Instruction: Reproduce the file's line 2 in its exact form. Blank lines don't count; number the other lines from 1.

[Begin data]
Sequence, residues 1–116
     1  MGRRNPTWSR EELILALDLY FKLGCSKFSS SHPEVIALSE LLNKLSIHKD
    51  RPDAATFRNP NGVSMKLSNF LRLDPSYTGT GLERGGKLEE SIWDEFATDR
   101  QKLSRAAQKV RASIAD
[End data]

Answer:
     1  MGRRNPTWSR EELILALDLY FKLGCSKFSS SHPEVIALSE LLNKLSIHKD